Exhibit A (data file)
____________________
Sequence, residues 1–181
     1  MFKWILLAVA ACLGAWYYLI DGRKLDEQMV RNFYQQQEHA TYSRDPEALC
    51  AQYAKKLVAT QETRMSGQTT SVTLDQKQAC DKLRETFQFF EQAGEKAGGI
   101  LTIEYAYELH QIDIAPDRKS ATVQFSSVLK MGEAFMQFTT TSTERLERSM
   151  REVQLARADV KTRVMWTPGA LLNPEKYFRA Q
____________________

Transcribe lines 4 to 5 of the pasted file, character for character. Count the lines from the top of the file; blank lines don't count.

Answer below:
   101  LTIEYAYELH QIDIAPDRKS ATVQFSSVLK MGEAFMQFTT TSTERLERSM
   151  REVQLARADV KTRVMWTPGA LLNPEKYFRA Q